When New Sobriety Meets Old Associations:How to Defuse Potential Relapse TriggersMicah Robbins
Relapse is always a danger for recovering addicts, especially in the first 6–12 months after treatment. Complete avoidance, though the best defense against relapse triggers, isn’t always an option, so old triggers must be met in new ways.
The first step is to know your personal weak spots, the circumstances and emotions that led you to reach for a chemical crutch. Below are suggestions for dealing with six common everyday triggers.
Many addicts stay sober during work hours, then spend their off hours getting drunk. Typically, they find little purpose in their jobs and less purpose in life outside work.
- Evaluate your personal dreams and interests, and use these to set new goals you feel passionate about working toward. If your dreams involve changing careers, don’t be afraid to explore the possibility.
- Take initiative in planning projects, on or off the job, that are meaningful to you and beneficial to others.
- Share your time with others. Have a real family dinner. Volunteer for a service project. Join a Meetup.
For many people, certain foods go naturally with alcohol: white wine with fish, beer with pizza. Being accustomed to such combinations can make abstinence doubly difficult when the food is served.
- Avoid eating or cooking the food your brain associates with alcohol. Try new foods and flavors.
- Avoid all recipes that use wine or beer. The taste can trigger drink cravings.
- Avoid restaurants with prominent bars.
If the first part of your monthly paycheck always went to the liquor store, the next paycheck is a potential trigger.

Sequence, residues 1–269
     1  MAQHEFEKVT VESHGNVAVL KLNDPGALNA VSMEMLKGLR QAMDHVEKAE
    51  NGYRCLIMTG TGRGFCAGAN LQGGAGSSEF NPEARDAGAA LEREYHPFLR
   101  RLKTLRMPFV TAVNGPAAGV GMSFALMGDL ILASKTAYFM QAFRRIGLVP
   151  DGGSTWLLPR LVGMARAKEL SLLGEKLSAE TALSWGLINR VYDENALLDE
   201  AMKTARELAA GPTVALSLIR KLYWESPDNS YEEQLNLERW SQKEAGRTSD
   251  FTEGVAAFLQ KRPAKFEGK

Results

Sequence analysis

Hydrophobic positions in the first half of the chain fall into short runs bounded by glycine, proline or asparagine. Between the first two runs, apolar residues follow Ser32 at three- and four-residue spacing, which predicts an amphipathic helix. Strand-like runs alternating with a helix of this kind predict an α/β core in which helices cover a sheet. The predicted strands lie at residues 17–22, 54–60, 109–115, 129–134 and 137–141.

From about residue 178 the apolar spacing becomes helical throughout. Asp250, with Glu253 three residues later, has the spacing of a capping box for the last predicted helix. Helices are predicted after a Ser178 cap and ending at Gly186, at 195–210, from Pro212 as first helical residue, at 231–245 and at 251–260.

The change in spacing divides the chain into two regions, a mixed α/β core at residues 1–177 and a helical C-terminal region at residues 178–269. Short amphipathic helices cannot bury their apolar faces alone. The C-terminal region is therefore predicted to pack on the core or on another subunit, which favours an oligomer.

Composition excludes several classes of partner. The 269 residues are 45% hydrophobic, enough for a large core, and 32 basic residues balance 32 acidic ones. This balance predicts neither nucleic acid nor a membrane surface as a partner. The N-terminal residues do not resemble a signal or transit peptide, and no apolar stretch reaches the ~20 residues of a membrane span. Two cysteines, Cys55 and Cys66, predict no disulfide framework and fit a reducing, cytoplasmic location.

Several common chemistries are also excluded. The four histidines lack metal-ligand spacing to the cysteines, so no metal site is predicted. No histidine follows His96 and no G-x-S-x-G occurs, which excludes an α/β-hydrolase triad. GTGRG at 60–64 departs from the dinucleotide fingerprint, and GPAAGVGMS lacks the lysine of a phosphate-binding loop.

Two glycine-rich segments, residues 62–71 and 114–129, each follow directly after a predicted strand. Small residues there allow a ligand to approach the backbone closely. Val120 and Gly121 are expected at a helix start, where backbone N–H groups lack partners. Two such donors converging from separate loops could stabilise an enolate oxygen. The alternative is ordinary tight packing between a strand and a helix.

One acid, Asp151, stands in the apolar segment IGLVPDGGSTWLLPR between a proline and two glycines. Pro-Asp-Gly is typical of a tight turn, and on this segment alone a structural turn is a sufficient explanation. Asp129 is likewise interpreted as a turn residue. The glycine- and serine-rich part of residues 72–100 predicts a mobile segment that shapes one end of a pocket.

- Get a financial counselor and plan a strict budget. Make sure someone holds you accountable for following it.
- Arrange to be paid by direct deposit. Not seeing the check as a separate entity may curb temptations to be careless with it.
- Cut up your credit cards.
Relationships and Events
Some “drinking buddies” can be dropped from your life completely. Others are impossible to avoid without quitting your job or disowning part of your family. If your peer circle holds any regular gatherings where intoxicating substances are shared, those are potential danger zones.
- Decline invitations to any event where the expectation of drinking (however casually) is an inherent part. (And definitely avoid any event where illegal substances will be served.)
- If you attend any event where alcohol will be among the refreshment options, plan in advance to minimize your exposure. If you can, confide your problem to the host and ask him/her to see that you aren’t even offered any drinks.
- If you nonetheless find yourself facing someone who insists you take “just one” drink, don’t stand there in temptation’s sights—leave the event immediately.
Stress and Overload
The expression “driven to drink” acknowledges how tempting it can be to take the easy escape of drowning life’s stresses in artificial stupor.
- Minimize stress by minimizing overload. Think at least three times before saying “yes” to any invitation you’re unsure of.
- No matter how busy you are, make time for healthy meals and exercise breaks (rest breaks if your work is physical). You are particularly vulnerable to relapse when hungry, undernourished or fatigued.
- Put half as much on your schedule as you think you’ll have time for. We all underestimate potential interruptions and overestimate our own abilities, so don’t tempt unnecessary overload.
Developing new habits is not a particularly comfortable process. Since the brain where old thinking habits are ingrained is the same brain taxed with the work of reinventing those habits, it’s fighting a civil war—with the new habit going in as a lightly armed underdog. The conscious and ongoing determination needed to steer away from old habits can feel considerably less attractive than the comfort zone of surrender.
- Remember that the initial agony of change is only temporary. When practiced consistently, new habits gain solid ground within a few weeks, and the better choice becomes much easier.
- Avoid accommodating self-pity. You can’t always keep from feeling unhappy or tense, but you don’t have to feed it (and the adjoining relapse risk) by consciously thinking “It’s not fair, I don’t have any power at all.” Redirect your focus by doing someone else an unrequested favor, working on something you enjoy, or meditating on your blessings.
Remind yourself of what you’ve overcome.